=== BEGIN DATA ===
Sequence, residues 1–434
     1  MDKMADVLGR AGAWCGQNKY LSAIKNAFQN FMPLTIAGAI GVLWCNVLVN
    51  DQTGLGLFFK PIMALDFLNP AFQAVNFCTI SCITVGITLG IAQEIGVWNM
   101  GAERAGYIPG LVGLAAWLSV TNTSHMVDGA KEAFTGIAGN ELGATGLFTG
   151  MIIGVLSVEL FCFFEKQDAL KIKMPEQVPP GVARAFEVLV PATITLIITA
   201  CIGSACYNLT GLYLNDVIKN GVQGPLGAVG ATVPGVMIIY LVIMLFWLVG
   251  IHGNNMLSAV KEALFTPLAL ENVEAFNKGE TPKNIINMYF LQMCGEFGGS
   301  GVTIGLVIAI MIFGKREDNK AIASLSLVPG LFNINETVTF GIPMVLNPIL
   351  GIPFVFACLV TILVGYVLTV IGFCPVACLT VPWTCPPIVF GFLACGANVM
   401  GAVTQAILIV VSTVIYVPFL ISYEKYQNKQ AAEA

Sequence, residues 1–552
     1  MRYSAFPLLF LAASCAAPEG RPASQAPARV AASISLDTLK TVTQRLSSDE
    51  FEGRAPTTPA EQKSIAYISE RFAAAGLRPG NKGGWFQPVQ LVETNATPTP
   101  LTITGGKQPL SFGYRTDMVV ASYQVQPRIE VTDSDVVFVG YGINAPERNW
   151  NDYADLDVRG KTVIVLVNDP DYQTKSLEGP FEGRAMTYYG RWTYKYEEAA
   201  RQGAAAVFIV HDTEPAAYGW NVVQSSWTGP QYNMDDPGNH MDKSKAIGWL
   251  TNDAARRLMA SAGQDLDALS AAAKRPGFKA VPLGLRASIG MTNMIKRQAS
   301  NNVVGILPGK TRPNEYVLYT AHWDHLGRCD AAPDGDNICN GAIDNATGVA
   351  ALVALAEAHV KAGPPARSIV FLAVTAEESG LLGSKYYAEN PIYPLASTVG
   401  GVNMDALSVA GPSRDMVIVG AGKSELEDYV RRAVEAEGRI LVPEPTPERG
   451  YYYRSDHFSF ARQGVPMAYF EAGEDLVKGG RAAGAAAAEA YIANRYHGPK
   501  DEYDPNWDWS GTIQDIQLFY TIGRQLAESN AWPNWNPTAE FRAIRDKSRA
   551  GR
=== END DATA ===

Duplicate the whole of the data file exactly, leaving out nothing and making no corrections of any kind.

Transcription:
Sequence, residues 1–434
     1  MDKMADVLGR AGAWCGQNKY LSAIKNAFQN FMPLTIAGAI GVLWCNVLVN
    51  DQTGLGLFFK PIMALDFLNP AFQAVNFCTI SCITVGITLG IAQEIGVWNM
   101  GAERAGYIPG LVGLAAWLSV TNTSHMVDGA KEAFTGIAGN ELGATGLFTG
   151  MIIGVLSVEL FCFFEKQDAL KIKMPEQVPP GVARAFEVLV PATITLIITA
   201  CIGSACYNLT GLYLNDVIKN GVQGPLGAVG ATVPGVMIIY LVIMLFWLVG
   251  IHGNNMLSAV KEALFTPLAL ENVEAFNKGE TPKNIINMYF LQMCGEFGGS
   301  GVTIGLVIAI MIFGKREDNK AIASLSLVPG LFNINETVTF GIPMVLNPIL
   351  GIPFVFACLV TILVGYVLTV IGFCPVACLT VPWTCPPIVF GFLACGANVM
   401  GAVTQAILIV VSTVIYVPFL ISYEKYQNKQ AAEA

Sequence, residues 1–552
     1  MRYSAFPLLF LAASCAAPEG RPASQAPARV AASISLDTLK TVTQRLSSDE
    51  FEGRAPTTPA EQKSIAYISE RFAAAGLRPG NKGGWFQPVQ LVETNATPTP
   101  LTITGGKQPL SFGYRTDMVV ASYQVQPRIE VTDSDVVFVG YGINAPERNW
   151  NDYADLDVRG KTVIVLVNDP DYQTKSLEGP FEGRAMTYYG RWTYKYEEAA
   201  RQGAAAVFIV HDTEPAAYGW NVVQSSWTGP QYNMDDPGNH MDKSKAIGWL
   251  TNDAARRLMA SAGQDLDALS AAAKRPGFKA VPLGLRASIG MTNMIKRQAS
   301  NNVVGILPGK TRPNEYVLYT AHWDHLGRCD AAPDGDNICN GAIDNATGVA
   351  ALVALAEAHV KAGPPARSIV FLAVTAEESG LLGSKYYAEN PIYPLASTVG
   401  GVNMDALSVA GPSRDMVIVG AGKSELEDYV RRAVEAEGRI LVPEPTPERG
   451  YYYRSDHFSF ARQGVPMAYF EAGEDLVKGG RAAGAAAAEA YIANRYHGPK
   501  DEYDPNWDWS GTIQDIQLFY TIGRQLAESN AWPNWNPTAE FRAIRDKSRA
   551  GR